Each flower can spray its pollen only once per hour, and since the plant is unintelligent, all flowers present will spray at once, invoking mulitple saving throws to reflect the higher concentration of spores in the air.

Some intelligent creatures, notably tribesmen and Lizardmen, will plant these flowers in or near patches of Kuumyak (see below), which will attack sleeping characters.

Adventure Ideas:
Some tribesmenn and Lizardmen believe the dreams one has while sleeping off the effects of Kananicte pollen are prophetic, and the shamans of these tribes jealously guard the plants. PCs who are found destroying the plants will be attacked with the intent to capture them, to be sacrificed later to appease any spirits who may have been offended by the acts. On the other hand, PCs who are discovered asleep from their encounter with the plants may be carried back to the village, to be questioned by the shamans as to the nature of their dreams, providing an opportunity for the DM to introduce new plot hooks or twists.


Kuumyak (Jungle Ooze)
Medium Lowlife (Uncommon)
Armor Class: 8
Hit Dice: 3
Move: 10 (1)
Attacks: 1
Damage: 1d8 + Special
No Appearing: 1
Save As: Fighter 2
Morale: 12
Treasure Type: Nil
Intelligence: 0
Alignment: Nuetral
XP Value: 60

Kuumyak is a disgusting ooze appearing to be made up of mud and rotting vegetation, making it extremely difficult to spot in the wet areas of the jungle. It will attack, by splashing itself up towards any living creature that passes within 3 feet of it. The corrosive nature of the ooze causes an immediate 1d8 points of damage, and in addition, the victim must make a saving throw vs. poison of suffer an additional 1d8 points of damage from the ooze's toxins.

Kuumyak is immune to all fire and heat damage, but suffers double damage from cold based attacks.

Any creature who is killed by a Kuumyak, and not burned (or revived somehow) will rise as a Khalmaak (see below) in 1d4 days.

Adventure Ideas:
Some reclusive folk, human or otherwise, of the jungle will often gather Kuumyak to place around their lairs as makeshift, but effective traps. As noted above, Kananicte flowers are sometimes placed nearby to incapacitate victims, allowing the Kuumyak ooze to easily kill them. This can be a nasty, unusual trap, but take care when placing the monsters, for they can have devastating results against PCs who don't roll well on their saving throws. To avoid a total party kill in such a situation, the DM may wish to invoke a scenario where NPCs find the unfortunate PCs and drag them to safety, but such a favor will almost always result in the party being asked or coerced into performing some deed of repayment, which is an excellent opportunity to introduce a new plothook or prod the players back along the path of the adventure if they have strayed.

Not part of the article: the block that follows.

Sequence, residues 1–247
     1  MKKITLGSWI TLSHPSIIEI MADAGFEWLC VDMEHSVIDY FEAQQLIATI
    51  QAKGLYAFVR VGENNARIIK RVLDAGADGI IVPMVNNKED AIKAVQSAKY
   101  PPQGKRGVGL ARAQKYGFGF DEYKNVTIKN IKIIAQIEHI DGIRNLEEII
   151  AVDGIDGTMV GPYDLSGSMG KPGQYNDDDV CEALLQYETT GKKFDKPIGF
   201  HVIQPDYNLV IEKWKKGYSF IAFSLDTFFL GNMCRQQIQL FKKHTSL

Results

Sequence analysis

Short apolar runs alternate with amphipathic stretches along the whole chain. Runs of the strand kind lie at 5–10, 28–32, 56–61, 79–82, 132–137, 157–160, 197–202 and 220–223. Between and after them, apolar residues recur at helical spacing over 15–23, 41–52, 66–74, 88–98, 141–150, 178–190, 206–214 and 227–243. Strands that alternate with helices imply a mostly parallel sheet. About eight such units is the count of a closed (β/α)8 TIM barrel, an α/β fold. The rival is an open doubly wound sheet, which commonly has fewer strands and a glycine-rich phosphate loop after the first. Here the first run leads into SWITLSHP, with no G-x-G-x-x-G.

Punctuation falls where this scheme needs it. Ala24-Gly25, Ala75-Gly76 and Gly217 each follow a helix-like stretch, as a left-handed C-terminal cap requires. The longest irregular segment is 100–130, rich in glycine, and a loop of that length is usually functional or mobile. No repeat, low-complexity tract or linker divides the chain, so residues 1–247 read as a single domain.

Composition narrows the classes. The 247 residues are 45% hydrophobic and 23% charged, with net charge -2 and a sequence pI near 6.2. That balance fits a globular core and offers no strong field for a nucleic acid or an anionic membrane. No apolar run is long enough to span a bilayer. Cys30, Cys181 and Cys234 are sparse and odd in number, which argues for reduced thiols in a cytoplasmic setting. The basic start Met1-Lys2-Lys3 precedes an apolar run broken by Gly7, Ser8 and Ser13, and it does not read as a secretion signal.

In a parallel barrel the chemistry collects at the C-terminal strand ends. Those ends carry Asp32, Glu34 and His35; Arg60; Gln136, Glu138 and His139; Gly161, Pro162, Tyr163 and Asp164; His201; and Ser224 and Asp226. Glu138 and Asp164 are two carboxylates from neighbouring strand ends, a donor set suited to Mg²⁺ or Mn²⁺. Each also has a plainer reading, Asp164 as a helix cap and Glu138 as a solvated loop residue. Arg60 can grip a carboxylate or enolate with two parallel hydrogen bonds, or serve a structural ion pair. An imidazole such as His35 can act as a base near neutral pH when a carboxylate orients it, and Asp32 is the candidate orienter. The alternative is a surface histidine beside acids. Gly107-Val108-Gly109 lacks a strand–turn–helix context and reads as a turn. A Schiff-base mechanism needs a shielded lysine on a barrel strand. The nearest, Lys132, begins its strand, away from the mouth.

Khalmaak (Ooze Man)
Medium Monster (Rare)
Armor Class: 6
Hit Dice: 10
Move: 60 (4)
Attacks: 2
Damage: 2d10
No Appearing: 1
Save As: Dwarf 8
Morale: 12
Treasure Type: Nil
Intelligence: 3
Alignment: Nuetral
XP Value: 2000

Khalmaaks are orc sized humanoid fungus creatures, appearing to have bloated, slimy green skin and hugely muscled bodies. It is well known by the folk of the jungle that creatures who die from wounds taken from, and are consumed by Kuumyak ooze will rise as Khalmaaks within a week's time.

Khalmaaks are, thankfully, fairly stupid creatures, wandering aimlessly through the jungle until they encounter living creatures upon which to feed. A Khalmaak will attack any creature or group of creatures without hesitation, fighting without morale checks until it is destroyed or attacked with cold magic (which causes an immediate morale check). The creature's attacks are slow and crude smashes with its thick, heavy arms, causing 2d10 per successful hit. That slowness, however, causes the Khalmaak to automatically lose initiative each round.

Due to their wet composition, Khalmaaks take only 1/2 damage from heat or fire attacks, but double damage from cold attacks. Although they posess a primitive intelligence, Khalmaaks are immune to Charm, ESP and similar mental magics.

Adventure Ideas:
The tribesmen of a village that has proven non-hostile to the party has been stricken of late with a relative scourge of Khalmaaks. Livestock and even the villagers themselves have been attacked in the jungle near the village, and despite near constant searching, the Kuumyak responsible for creating these beasts has not been found. After being enlisted to fight off a couple of the Khalmaaks, the villagers grow to respect and trust the party enough to share the secret of the origins of the vile creatures and seek the help of the PCs in finding and destroying the Kuumyak.